Street Fighter V Arcade Edition Review

Street Fighter V

by Matt Kamen |
Published on

Two years ago, Capcom released a Street Fighter game that was arguably incomplete. With buggy performance, a dearth of single player content, and a miniscule roster only bolstered post-launch with a drip-feed of additional characters as DLC, the base Street Fighter V felt like a game not ready for fight night.

Street Fighter V

Street Fighter V: Arcade Edition represents a major overhaul. Although at a glance it follows in the pattern of past Street Fighter revamps – think the approximately 4,756 iterations of Street Fighter II, with changes mostly only noticeable to hardcore fighting game fans – the improvements here are far more tangible.

Perhaps the biggest is the addition of the eponymous Arcade mode, which true to form lets players battle through a chain of bouts. Rather brilliantly, the mode is structured as six story paths, each based on one of the core entries in the series – Street Fighter, Street Fighter II, Street Fighter Alpha, Street Fighter III, Street Fighter IV and Street Fighter V. In each one, you'll battle against a wave of characters originally drawn from those games; a nice flourish for long time fans.

Balance tweaks across the board make the game more rounded to play.

More content is included with the Extra Battle and Team Battle modes, which let players take a cluster of fighters into elimination battles, or earn special in-game rewards for completing limited-time challenges, while balance tweaks across the board make the game more rounded to play.

Also included are the first two 'seasons' worth of DLC characters, makes for a deeper roster and far more fulfilling and varied fighting experience. It's a vast improvement on the basic version of SFV's paltry 16 fighters, and with Arcade Edition adding a second V-Trigger for each character – powerful moves that utilise the entirety of a gauge built up during fights – there's more versatility in how you play each of them.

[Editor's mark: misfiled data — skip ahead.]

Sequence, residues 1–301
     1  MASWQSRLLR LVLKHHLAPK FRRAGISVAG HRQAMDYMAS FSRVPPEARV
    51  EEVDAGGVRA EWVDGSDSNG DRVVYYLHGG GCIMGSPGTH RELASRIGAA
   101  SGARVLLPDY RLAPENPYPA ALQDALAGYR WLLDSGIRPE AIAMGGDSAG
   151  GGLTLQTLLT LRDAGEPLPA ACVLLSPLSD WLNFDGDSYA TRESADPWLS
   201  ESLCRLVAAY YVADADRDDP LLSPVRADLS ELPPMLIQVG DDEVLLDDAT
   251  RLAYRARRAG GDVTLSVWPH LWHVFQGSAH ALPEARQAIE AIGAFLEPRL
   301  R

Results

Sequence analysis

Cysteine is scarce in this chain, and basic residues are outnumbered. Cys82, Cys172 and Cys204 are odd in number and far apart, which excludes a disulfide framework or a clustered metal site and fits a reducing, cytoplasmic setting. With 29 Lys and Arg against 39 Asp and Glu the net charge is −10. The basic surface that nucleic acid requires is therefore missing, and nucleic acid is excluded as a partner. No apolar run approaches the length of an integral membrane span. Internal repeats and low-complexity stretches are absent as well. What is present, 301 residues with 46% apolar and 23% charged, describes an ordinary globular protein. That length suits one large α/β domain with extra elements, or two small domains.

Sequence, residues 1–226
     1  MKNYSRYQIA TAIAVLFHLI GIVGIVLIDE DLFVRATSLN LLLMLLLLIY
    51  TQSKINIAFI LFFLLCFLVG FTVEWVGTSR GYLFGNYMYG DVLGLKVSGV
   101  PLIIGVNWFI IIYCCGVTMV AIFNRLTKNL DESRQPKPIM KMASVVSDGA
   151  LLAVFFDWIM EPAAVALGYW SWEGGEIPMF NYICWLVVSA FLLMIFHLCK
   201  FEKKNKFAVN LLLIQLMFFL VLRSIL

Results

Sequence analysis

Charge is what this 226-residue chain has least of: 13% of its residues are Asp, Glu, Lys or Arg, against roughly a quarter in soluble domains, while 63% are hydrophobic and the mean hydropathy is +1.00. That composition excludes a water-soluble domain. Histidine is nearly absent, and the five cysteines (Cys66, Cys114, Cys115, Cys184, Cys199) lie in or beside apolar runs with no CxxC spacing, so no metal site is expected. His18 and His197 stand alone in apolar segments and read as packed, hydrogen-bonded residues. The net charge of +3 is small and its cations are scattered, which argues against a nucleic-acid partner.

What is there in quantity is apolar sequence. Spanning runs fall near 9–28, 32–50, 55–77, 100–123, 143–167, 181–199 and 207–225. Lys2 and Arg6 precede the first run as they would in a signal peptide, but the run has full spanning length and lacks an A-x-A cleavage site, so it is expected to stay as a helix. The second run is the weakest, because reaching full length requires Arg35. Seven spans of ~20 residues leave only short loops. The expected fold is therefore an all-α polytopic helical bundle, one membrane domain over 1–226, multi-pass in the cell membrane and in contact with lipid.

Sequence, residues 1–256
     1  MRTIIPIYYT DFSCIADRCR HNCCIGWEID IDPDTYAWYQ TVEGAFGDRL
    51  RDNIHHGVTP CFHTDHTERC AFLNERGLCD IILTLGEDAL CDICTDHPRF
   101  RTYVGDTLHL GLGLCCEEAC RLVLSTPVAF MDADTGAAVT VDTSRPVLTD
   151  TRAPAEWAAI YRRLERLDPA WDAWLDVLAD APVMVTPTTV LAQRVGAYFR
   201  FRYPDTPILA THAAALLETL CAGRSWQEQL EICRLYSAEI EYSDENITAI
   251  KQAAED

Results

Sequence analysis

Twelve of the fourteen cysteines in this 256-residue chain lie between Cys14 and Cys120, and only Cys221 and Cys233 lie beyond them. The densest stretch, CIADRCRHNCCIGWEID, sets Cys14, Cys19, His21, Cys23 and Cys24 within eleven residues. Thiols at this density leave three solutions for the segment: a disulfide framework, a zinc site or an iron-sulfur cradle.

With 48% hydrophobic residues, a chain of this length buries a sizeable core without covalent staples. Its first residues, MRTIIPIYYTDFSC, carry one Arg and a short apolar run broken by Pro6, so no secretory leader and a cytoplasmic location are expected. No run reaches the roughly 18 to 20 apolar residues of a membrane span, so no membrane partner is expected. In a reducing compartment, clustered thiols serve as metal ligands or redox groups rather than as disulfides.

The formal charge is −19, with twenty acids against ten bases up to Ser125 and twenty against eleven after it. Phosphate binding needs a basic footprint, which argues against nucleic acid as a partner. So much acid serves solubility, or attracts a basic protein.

Street Fighter V

There may be some confusion over Capcom's distribution model for Arcade Edition though. Anyone with the original game will receive the feature upgrades – the Arcade mode, the battle modes, the character V-Triggers, plus a new gallery for background material – as a free download, but won't receive the additional characters (unless they've already purchased them, be it through earning virtual 'Fight Money' in-game or with real money). However, anyone buying Arcade Edition from scratch gets everything released to date, with all 28 characters, and all the upgrades. It's a bit of a distracting release, but it means legacy players aren't left behind – a nice touch, given they're the players who've stuck with the game since its unsatisfying original launch.

Whether coming to Street Fighter V for the first time or as a veteran player, Arcade Edition proves an excellent addition to the series, vastly improving on the original model and finally realising its potential.

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